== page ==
Repetitive Stress Injuries for Workers’ Compensation
Many believe workers’ compensation only covers work-related injuries like hurting your back while lifting a heavy object, slipping and falling on a wet floor or breaking an arm. While all of these injuries may be covered by workers’ compensation, there are other injuries that are just as common that could be covered.
A large portion of work-related injuries are in fact developed over time from the repetition of movements or postures on the job. Is a carpal tunnel workplace injury or tennis elbow covered under workers’ compensation? The answer might surprise you.
Workers’ Compensation in Pennsylvania
Nearly every Pennsylvania worker is covered by the Workers’ Compensation Act. Under the law, employers are required to provide workers’ compensation coverage for all of their employees, including seasonal and part-time workers.
You may be entitled to workers’ compensation benefits if your work causes injury, illness or disease. However, workers’ compensation does not cover all work-related injuries. Typically, workers’ compensation does not cover injuries if it was intentionally self-inflicted or is caused by an employee’s violation of law. This will include, but is not limited to, the illegal use of drugs or violating a positive work order.
Comprehending a Repetitive Stress Injury
A repetitive stress injury, or RSI, is a gradual build-up of damage of the muscles, nerves, ligaments and tendons from overuse. Repetitive stress injuries can be caused by many different types of activities. The most common include:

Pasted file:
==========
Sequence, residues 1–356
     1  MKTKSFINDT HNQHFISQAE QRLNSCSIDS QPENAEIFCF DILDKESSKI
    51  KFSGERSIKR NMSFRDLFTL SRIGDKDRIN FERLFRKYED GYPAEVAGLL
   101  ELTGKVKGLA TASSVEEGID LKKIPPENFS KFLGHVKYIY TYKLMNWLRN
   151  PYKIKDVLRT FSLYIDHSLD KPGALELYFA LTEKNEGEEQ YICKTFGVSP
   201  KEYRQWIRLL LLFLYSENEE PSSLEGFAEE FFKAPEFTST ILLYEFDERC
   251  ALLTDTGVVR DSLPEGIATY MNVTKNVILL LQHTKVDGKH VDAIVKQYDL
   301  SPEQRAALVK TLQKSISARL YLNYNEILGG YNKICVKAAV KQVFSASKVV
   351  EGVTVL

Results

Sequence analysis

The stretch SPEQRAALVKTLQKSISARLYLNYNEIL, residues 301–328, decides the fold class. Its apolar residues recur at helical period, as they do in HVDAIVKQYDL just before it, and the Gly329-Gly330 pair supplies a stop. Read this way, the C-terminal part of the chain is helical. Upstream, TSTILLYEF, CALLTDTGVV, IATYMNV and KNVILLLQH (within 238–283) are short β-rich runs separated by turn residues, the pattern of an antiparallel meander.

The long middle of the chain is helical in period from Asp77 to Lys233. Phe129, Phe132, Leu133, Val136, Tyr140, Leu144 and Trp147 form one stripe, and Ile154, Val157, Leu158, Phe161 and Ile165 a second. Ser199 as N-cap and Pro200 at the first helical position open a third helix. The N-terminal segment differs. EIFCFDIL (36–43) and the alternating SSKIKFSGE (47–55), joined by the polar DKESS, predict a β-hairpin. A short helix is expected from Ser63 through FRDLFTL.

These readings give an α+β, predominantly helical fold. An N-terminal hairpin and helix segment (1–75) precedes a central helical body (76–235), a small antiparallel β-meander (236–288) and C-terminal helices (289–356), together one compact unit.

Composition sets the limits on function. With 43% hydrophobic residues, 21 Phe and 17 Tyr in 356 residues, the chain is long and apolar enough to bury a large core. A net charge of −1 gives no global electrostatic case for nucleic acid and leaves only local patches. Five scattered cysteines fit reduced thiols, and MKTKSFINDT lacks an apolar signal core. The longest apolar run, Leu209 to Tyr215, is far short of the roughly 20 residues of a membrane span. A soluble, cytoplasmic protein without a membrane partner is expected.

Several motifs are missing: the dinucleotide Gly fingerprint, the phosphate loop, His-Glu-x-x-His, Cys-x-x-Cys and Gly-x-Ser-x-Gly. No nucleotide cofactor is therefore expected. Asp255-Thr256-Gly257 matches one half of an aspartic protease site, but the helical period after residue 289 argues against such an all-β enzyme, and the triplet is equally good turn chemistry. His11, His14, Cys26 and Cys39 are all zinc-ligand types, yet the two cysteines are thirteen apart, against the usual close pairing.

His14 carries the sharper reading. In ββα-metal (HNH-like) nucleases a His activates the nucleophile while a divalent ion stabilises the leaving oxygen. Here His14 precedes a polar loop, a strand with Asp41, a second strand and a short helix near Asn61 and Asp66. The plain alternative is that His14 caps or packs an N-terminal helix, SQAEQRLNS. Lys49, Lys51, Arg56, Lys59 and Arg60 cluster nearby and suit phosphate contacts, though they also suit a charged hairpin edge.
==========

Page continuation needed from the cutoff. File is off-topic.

- Use of a computer mouse
- Grasping tools
- Assembly line work
- Sports training
Almost every industry poses a high risk for RSIs.
Common Repetitive Stress Injuries
Carpal Tunnel Syndrome: Have you ever experienced a tingling or burning feeling in your thumb, index and middle fingers? That feeling could possibly be carpal tunnel. Roughly three to six percent of adults in the United States will be diagnosed with this. As one of the most common RSIs, carpal tunnel syndrome is a direct result of pressure on the median nerve at the wrist. It is often caused by constant typing and the movement of a computer mouse and can cause trouble in forming a fist or grabbing objects.
Lateral Epicondylitis: Better known as tennis elbow, is often caused by repetitive elbow and arm motions. The pain typically occurs on the outside of the elbow and can sometimes appear in the forearm and wrist. If not treated properly, it could lead to further damage of both the tendons and muscles.
Tendinitis: As another common RSI, tendinitis is often caused by repetitive motions required by your job. Simply, this occurs when the tendons in the joints become inflamed, often in the wrists, arms, fingers, knees and ankles. We often see tendinitis in nurses, nursing home employees, assembly line workers, construction workers and office and clerical workers.
Get the Help You Need
Just like any other work-related injury, you should notify your employer once you start experiencing any type of pain and seek medical attention. We understand suffering from a work-related RSI is different from a more violent injury, as you might not know the first day it started. However, it is vital for your workers’ compensation’s case to notify your employer within 120 days of realizing your RSI pain.
In Pennsylvania, if your employer has a panel physicians list, you are required to receive medical treatment for the first 90 days from a physician on that list. After the first 90 days, you are allowed to be treated by a doctor of your choice.
At KBG Injury Law, we understand how any type of injury can play a role in your work life and personal life. Often, dealing with workers’ compensation can be challenging and result in an initial denial. That’s when our attorneys can help.
Contact us today if you or a loved one has experienced a work-related injury and were denied workers’ compensation. We will fight to get the Results You Deserve®.